More for Your Money: How dynamic pricing affects you, more or less
Down a shot of tequila at the Blind Burro in San Diego and the second round may cost you more. Or less.
It all depends on what everyone else is drinking.
Tequila prices at the bar and restaurant can change every five minutes based on demand. If more people order one tequila brand, the price of another might drop.
Software tracks what drinkers buy and flashes the changing prices of more than two-dozen tequila brands on TV screens on the bar’s walls.
The quick change in prices is known as dynamic pricing. Airlines have used the strategy for years, charging more for flights at the busiest times. Uber does it, too, increasing fares when more people need a ride.
Now other industries are joining in, including zoos, sports teams, theme parks and producers of live shows. When you’re planning your vacation budget, you need to be aware that timing can affect you more than you imagine.
The Indianapolis Zoo switched to dynamic pricing before opening its orangutan exhibition two years ago. Tickets used to be about $17. Now they change daily online and can cost $8 to $30.
Weather, demand and day of week (weekends cost more) can determine price.
In New York, hit Broadway shows started using dynamic pricing about five years ago, said Ken Davenport, the theater producer behind “Kinky Boots,” “Spring Awakening” and other shows.
Broadway fans can usually get a deal in January, February and September, said Davenport, who also writes about the industry on his blog TheProducersPerspective. Tickets are pricier in December and the summer months when more tourists make their way to New York.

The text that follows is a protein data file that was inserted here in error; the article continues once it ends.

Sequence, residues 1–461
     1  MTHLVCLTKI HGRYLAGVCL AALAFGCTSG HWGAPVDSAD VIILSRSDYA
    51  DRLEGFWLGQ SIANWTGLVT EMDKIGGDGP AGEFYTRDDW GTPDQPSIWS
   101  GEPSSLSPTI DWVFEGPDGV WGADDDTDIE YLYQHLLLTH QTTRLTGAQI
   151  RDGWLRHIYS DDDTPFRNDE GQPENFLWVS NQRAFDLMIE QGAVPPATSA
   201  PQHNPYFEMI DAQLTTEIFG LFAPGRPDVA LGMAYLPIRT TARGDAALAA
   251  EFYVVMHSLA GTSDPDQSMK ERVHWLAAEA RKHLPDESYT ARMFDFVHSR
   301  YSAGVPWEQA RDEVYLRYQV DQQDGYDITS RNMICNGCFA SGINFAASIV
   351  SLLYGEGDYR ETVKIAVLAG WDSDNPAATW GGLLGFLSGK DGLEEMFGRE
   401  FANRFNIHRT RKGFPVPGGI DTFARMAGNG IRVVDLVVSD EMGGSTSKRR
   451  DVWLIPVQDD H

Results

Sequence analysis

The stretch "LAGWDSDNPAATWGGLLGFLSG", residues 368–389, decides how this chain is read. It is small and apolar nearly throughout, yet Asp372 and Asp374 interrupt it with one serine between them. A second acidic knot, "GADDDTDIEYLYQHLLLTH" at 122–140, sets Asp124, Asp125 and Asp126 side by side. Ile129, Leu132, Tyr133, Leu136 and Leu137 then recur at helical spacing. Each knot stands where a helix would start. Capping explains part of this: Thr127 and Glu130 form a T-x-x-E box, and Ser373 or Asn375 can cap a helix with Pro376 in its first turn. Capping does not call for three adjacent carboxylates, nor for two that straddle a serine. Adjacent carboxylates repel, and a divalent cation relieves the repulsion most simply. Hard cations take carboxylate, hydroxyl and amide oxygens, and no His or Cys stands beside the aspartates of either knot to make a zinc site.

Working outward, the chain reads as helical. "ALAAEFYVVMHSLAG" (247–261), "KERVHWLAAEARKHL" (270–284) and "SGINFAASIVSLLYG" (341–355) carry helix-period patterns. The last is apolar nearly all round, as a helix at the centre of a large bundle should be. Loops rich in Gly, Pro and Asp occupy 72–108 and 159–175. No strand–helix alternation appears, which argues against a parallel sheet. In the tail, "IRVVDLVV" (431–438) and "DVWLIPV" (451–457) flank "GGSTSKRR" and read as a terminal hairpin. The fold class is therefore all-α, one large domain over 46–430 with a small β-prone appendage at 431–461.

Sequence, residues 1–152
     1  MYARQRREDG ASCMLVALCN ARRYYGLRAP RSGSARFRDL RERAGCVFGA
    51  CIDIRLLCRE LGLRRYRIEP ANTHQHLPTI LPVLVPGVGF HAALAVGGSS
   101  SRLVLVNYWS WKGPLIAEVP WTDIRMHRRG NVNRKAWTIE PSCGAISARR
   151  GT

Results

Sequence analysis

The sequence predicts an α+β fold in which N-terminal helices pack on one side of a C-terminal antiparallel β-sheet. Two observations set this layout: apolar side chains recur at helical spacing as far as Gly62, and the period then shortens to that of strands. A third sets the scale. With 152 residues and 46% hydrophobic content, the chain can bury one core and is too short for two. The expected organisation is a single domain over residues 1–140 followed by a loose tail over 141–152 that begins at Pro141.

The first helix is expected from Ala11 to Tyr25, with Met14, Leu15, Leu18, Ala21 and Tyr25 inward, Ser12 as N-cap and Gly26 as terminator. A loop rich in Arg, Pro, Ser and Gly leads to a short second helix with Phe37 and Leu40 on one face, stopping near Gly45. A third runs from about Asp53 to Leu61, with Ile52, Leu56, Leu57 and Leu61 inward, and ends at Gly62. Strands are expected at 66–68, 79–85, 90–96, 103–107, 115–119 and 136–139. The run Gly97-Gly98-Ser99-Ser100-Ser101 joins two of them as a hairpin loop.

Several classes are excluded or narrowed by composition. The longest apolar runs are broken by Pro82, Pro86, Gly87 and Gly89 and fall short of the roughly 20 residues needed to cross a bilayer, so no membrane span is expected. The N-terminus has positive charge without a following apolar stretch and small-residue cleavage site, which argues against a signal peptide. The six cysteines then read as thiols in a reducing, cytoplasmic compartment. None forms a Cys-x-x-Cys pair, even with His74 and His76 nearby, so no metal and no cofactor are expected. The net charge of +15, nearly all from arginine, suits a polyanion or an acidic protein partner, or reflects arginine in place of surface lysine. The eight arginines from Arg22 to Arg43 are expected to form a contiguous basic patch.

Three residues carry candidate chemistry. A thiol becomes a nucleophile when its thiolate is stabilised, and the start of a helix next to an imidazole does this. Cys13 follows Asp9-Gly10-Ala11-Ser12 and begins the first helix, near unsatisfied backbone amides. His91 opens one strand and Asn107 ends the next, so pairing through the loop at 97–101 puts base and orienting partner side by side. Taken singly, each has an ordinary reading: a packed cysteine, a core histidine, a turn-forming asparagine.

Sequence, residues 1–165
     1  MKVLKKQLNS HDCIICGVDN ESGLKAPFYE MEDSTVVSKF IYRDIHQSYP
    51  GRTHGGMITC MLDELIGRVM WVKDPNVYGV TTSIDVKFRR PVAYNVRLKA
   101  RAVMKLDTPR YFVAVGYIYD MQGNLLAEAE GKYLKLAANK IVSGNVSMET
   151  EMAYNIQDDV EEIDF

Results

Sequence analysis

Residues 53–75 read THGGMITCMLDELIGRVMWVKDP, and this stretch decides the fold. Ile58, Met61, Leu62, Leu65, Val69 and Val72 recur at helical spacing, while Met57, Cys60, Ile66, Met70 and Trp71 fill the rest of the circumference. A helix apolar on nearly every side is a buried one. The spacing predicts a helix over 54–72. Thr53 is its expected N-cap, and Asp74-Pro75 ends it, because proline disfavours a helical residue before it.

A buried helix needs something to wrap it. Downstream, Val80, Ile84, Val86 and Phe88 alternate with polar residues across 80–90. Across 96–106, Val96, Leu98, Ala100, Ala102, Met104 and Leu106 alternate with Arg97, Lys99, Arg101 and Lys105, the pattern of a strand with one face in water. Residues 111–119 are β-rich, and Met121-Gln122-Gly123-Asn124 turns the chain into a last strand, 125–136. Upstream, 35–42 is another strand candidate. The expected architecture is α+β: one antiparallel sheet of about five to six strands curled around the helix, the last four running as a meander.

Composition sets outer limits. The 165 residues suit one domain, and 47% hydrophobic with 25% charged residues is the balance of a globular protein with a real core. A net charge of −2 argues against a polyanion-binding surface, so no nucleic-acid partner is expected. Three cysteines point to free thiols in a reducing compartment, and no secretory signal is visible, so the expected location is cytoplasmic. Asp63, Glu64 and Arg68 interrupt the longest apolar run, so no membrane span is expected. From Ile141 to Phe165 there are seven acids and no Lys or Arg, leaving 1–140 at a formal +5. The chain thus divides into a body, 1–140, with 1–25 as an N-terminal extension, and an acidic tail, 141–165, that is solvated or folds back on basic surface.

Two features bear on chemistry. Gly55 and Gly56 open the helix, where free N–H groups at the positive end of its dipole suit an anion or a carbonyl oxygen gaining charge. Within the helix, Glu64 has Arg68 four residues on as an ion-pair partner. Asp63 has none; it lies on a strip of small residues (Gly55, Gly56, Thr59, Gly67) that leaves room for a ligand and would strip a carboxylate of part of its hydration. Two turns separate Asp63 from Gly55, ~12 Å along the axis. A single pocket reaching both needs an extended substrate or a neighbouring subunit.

All of this might sound like bad news for consumers, but you can still find deals, if you’re aware. Here are four steps to getting a deal
1. Figure out whether a venue uses dynamic pricing. Any place that has a set number of seats or capacity, such as theaters or theme parks, is more likely to use dynamic pricing. Many will tell you on their website that they use dynamic pricing. Do an Internet search. Baseball’s New York Mets, for example, has a page online answering questions about how its dynamic pricing works.
2. Plan. Waiting until the last minute to buy tickets probably means you’ll pay more. Most venues will post ticket prices months ahead of time, and they’ll usually increase as the dates get closer.
3. Skip weekends and holidays. Expect higher ticket prices on and around the Fourth of July, Easter or other holidays. If you must attend that day, try to buy tickets far in advance. In New York, tickets for hit Broadway shows tend to cost the most between Christmas and New Year’s Day, when tourists are flocking to the city.
4. Don’t just show up. When a venue uses dynamic pricing, those who pay early (and online) often get the best deal.
For example, if you show up at Universal Studios Hollywood without a ticket, you will likely pay more at the gate. Tickets at the gate cost $115, but online they can cost as little as $90.
Associated Press reporter Julie Watson contributed to this report. email@example.com
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